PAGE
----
World IPv6 Launch: Impact on the Web
These days, I’m often being asked “how much content is going to be on IPv6 out there, June 6th onward”, or “what is the true impact of World IPv6 Launch?” So I scratched my head, and tried to come up with a meaningful way to answer. Consider this my best estimate so far:
Close to 30% of pages viewed on the Internet globally, will be reachable over IPv6 after June 6th 2012.
I based my calculation on two sources:
- The list of web sites that have publicly stated their participation in the World IPv6 Launch here
- alexa.com traffic stats here with the estimated percentage of pages viewed on these very same sites (averaged over last 3 months).
My estimate was based on analysis I did it for web sites among the Alexa’s TOP 500 participating in the World IPv6 Launch globally (indeed, the vast majority of the content) and estimated the other 2500+ smaller sites to add a very small fraction (the long tail if you will) .
Let’s do the math!
5.438% (Google) + 5.336% (Facebook) + 3.861% (YouTube) + 1.338% (Yahoo)…etc….etc…etc… = 27.2%
Boom! On June 6th 2012, the IPv6 pages “addressable market” went from 3% (as measured on May 20th) to 27.2%. The reality… it will most likely be a larger number fairly quickly if one consider a lot of smaller sites did not bother registering on the Internet Society list of participating web sites.
If such a thing as a “global IPv6 user” would exist, they would reach an IPv6 page roughly 30% of the time. Of course this avatar of a global average Internet user does not exist.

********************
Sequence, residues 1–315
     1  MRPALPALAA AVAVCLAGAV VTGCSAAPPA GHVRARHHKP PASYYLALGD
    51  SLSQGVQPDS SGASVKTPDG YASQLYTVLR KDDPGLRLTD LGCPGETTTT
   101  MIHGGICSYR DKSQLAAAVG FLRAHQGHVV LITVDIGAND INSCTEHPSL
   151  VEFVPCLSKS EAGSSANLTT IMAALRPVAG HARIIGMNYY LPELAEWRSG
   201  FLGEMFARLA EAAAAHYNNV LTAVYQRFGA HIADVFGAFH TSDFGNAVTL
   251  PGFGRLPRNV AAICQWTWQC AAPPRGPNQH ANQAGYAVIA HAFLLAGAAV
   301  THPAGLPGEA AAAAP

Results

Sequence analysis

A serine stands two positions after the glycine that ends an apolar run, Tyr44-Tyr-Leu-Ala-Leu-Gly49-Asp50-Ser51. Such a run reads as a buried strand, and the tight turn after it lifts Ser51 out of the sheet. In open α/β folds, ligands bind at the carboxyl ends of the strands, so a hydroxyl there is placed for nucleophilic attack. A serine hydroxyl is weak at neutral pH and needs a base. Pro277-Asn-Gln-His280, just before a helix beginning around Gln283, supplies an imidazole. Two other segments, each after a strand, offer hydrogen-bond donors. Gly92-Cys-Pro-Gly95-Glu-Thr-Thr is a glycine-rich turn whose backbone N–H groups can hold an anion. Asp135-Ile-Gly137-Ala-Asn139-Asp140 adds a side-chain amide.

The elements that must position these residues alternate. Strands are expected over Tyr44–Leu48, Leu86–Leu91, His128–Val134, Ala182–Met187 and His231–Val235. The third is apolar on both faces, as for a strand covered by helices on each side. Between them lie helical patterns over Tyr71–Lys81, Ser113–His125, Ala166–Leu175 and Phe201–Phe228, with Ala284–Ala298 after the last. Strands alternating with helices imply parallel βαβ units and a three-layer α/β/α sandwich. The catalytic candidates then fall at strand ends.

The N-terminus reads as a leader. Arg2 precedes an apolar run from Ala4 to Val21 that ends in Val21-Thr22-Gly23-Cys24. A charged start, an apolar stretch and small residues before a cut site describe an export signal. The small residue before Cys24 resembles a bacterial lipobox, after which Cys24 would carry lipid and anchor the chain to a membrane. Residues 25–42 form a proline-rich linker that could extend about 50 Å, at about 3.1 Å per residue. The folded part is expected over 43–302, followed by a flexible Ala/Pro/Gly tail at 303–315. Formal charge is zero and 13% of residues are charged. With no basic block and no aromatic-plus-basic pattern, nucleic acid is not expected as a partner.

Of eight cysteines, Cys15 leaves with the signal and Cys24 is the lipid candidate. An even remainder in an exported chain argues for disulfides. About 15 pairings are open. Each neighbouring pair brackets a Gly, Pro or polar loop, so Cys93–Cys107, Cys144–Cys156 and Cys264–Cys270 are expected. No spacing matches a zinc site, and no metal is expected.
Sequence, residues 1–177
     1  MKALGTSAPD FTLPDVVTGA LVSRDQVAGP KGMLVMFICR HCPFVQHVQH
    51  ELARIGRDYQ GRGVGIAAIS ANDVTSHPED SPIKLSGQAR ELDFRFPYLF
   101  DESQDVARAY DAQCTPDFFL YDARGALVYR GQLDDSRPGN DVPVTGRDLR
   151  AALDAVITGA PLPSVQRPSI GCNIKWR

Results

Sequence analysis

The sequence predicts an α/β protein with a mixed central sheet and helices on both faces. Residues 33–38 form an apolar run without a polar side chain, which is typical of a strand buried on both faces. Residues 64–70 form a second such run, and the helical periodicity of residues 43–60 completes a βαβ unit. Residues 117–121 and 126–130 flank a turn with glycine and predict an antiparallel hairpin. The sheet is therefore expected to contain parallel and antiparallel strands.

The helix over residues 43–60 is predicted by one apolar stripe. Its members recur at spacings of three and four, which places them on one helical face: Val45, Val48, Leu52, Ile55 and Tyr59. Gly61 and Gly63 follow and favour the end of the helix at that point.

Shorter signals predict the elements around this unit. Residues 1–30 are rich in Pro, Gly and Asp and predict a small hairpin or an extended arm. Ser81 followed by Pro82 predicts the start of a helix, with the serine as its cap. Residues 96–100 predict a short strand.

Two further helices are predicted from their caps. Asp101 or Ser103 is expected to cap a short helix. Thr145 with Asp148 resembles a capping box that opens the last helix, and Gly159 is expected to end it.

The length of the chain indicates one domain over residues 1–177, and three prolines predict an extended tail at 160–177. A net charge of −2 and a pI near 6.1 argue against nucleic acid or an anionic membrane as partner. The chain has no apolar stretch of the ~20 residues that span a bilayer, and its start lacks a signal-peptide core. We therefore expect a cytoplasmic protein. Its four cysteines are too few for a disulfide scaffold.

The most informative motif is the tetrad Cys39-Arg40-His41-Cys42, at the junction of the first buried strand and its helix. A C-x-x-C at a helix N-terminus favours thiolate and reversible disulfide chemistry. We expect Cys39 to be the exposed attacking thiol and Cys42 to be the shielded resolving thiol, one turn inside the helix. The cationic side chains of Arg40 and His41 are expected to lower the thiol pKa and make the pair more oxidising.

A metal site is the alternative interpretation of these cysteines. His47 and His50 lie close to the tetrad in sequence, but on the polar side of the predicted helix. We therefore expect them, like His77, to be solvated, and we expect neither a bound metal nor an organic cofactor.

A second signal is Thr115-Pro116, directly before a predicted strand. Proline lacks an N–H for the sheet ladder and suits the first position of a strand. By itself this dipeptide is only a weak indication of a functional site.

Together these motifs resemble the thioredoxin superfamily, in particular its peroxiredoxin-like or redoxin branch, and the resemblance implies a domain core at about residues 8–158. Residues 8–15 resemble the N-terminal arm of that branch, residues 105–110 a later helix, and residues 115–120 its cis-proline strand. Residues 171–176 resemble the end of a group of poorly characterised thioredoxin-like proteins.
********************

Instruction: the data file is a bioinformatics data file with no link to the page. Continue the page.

Internet users sit at home, in their office, at their neighborhood cafe and are geographically located by definition. Also they have different language, and a typical Russian Internet user is unlikely to look at the same pages or use the exact same sites, as an average American, Brit, Australian, Chinese or Italian.
It is important we find a reliable way of measuring the weight of each web site on a per country basis, so that each country builds their own model to assess “how much IPv6 stuff is out there”.
And make no mistake, I’m NOT predicting that as all of a sudden 30% of the Internet TRAFFIC will be IPv6 overnight.
In order to measure traffic, real users need to access this content and pull up these pages. Remember! as part of World IPv6 launch, a number of network operators have committed to enabled 1% of their subscribers and to make IPv6 a per default service for every new subscriber. They key point to realize is that these IPv6 subscribers are also going to have a destination in IPv6, too.
The IPv6 subscriber growth is going to be steady and it’s already started and accelerated across the globe, as can be seen here. For example we see on June 5th, 2012 that US is at .92% of IPv6 users, China .56%, France 4.7%, Romania 6.3%).
The good news: these users have (on average across the global Internet) 30% of the content available natively across IPv6. This is what the industry in an unprecedented collaboration effort has achieved through World IPv6 Launch. And it’s huge!